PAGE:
Newspapers such as the Chicago Defender added to the lure of the North. While vocally opposing the oppressive conditions of the South, the paper portrayed Northern industry as the hope of those who would leave. It was the voice not only of the African-Americans who lived in Chicago, but also those still in the South. The paper said things no one in the South could say. It gave hope and support.
The reality of Chicago, however, was something short of a paradise. Rev. Whitehead tells of being afraid of the city, where anything was available -both virtues and vices. Rev. Carter speaks of the temptations such a place held for many poor Blacks coming from the South who had never encountered such a culture. In this respect, the film reminds the viewer of the courage it took for young men and women to leave their homes and families to search out a better life in Chicago.
Another important aspect of the film is the presentation of the role of the railroad in the Great Migration. The train came to be regarded as the ticket to freedom, demanding its own respect and affection. Songs were written about it, paintings captured its strength. The drive North resembled the Biblical Exodus of the Israelites out of Egypt about which many Southern Blacks had sung in their gospel songs. Porters George Tillman and Charles Johnson relate the jubilation which many showed at crossing the line into Ohio where slave states were separated from free states. They also tell of the place of the Pullman in the African-American community, a job which appeared servile but was in fact a respected position among the Southern Blacks. Porters were able to ease the transition from the South to Chicago by looking out for the welfare of those who were seeking a better life in the North. They tell of how they would drop off bags full of the Chicago Defender at Southern stations, and how the powerful Pullman Porter Union established a new-found respect for the Black worker.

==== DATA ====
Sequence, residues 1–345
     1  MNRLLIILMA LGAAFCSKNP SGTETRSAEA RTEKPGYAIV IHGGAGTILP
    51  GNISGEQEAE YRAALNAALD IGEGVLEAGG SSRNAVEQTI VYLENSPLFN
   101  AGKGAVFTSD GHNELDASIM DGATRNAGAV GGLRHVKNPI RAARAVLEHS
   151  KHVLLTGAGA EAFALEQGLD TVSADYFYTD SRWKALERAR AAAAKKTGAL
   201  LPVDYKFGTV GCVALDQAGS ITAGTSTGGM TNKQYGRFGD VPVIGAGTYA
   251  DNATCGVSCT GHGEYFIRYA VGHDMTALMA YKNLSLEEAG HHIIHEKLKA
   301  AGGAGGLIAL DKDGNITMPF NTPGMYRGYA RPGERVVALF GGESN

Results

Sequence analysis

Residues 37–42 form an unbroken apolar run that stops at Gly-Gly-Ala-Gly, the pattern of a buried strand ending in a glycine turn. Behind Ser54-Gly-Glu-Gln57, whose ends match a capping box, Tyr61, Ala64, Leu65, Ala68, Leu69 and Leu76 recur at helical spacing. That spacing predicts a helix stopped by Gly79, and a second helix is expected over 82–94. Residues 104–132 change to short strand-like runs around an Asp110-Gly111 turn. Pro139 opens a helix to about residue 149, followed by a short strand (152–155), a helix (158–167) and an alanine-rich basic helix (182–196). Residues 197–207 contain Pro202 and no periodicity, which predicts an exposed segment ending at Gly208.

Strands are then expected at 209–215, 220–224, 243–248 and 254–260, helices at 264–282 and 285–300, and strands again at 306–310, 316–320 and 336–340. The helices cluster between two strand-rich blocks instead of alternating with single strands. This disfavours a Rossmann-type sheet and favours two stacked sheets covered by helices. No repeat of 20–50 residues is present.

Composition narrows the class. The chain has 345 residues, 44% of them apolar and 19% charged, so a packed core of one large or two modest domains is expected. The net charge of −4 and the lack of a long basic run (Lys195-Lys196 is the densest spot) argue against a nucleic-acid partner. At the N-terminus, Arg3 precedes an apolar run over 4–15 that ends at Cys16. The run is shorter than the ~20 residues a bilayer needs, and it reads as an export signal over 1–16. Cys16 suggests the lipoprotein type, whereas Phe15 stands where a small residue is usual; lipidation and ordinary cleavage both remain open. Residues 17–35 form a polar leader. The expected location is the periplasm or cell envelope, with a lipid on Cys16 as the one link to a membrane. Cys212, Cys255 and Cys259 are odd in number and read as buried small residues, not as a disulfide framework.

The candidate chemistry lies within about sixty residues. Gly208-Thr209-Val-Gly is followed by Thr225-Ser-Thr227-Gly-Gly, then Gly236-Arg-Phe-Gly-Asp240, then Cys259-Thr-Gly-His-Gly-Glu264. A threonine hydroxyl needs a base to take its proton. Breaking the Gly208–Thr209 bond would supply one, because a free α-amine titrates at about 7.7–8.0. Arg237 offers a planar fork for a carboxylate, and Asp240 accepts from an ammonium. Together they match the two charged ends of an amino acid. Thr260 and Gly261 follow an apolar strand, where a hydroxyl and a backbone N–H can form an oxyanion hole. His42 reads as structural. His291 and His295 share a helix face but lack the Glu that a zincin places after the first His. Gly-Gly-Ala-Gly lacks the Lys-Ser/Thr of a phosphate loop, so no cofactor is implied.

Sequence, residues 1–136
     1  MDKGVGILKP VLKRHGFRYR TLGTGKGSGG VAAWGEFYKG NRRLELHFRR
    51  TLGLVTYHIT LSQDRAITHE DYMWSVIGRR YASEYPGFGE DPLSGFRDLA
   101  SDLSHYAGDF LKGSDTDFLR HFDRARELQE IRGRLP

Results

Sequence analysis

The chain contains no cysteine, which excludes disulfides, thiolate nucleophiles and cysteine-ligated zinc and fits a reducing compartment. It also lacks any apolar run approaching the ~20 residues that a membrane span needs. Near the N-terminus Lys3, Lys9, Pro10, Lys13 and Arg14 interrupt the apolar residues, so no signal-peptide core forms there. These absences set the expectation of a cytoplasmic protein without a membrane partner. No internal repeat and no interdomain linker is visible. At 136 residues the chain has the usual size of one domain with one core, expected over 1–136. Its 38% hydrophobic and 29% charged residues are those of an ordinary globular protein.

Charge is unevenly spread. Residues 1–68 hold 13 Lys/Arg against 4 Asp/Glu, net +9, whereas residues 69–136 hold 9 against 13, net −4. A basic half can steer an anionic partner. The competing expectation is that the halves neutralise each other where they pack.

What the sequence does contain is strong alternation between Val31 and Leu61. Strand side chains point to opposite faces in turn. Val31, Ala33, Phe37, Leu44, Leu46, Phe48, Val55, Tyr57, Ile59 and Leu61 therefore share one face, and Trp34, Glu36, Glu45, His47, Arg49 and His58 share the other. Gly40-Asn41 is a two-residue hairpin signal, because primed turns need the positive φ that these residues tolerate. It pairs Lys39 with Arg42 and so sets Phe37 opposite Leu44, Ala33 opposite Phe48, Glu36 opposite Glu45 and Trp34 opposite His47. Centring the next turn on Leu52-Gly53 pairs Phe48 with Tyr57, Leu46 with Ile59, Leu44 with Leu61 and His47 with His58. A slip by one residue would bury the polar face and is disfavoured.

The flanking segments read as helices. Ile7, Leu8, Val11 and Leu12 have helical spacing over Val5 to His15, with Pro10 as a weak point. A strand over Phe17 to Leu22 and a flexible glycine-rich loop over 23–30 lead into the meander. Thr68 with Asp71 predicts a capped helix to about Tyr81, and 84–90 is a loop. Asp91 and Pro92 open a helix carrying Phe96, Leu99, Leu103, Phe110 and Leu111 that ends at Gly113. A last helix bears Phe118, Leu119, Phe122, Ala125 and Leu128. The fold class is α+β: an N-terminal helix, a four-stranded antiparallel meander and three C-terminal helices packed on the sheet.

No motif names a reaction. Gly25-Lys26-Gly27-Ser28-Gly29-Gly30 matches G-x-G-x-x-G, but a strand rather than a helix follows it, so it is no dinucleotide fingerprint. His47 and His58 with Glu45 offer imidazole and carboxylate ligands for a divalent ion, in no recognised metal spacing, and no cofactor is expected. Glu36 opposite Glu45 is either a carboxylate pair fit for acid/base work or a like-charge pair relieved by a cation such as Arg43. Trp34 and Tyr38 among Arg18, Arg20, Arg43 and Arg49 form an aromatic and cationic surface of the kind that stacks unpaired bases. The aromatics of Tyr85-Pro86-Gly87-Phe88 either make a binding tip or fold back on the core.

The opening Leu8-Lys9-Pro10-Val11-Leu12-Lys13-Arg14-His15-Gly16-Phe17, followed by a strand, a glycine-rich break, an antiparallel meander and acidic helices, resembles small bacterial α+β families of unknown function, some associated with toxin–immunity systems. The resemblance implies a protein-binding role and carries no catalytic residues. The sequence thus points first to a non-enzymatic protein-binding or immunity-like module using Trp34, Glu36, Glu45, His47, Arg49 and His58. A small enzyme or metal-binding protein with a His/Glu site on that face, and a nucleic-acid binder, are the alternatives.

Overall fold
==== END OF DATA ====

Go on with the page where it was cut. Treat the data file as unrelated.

While the mechanization of cotton farming displaced many workers in the South, James Hinton tells of how International Harvester, the producer of many of the machines, recruited Southern workers to come North to their factories. He, like many others, heard of their interest in labor from his family members, and quit school to move to Chicago. The reputation of the Southern Blacks as hard workers made them readily employable by the 1940’s as the war economy boomed. The war itself had another effect. Returning veterans who were supposed to be able to vote and enjoy other basic rights found that they were still treated the same. After having fought for their country, many were unwilling to remain in a place where they were not afforded the rights which they had struggled to preserve. This, as well as the promise of industrial jobs, led them North.
The second half of the film moves beyond the scope of this project in its important portrayal of the harsh reality of life in Chicago in contrast to its characterization as the “promised land.” The difficulty of industrial jobs, the cold winters, the racial tensions, and the segregation showed Chicago for what it really was. Several characters remarked that they faced similar dangers in the North that they did in the South. Segregation was “de facto,” as there were no Jim Crow laws, but people knew where they could and could not go. The film continues by exploring the rise of the ghettos and the failure of the urban economy, important themes that fall outside our scope.
In sequence, these two parts of “The Promised Land” portray in striking reality the conditions which drove many African-Americans to leave the South, the hopes and dreams which the North offered, their journey to Chicago, and the success and disappointments which they faced once there. By focusing on the same characters, the films document different phases of the same trip, and offer a complete picture of what it was like to leave home for the city. Both of these films will allow the students to judge for themselves the benefits and disadvantages of deciding to migrate, as well as providing first hand accounts of important background information.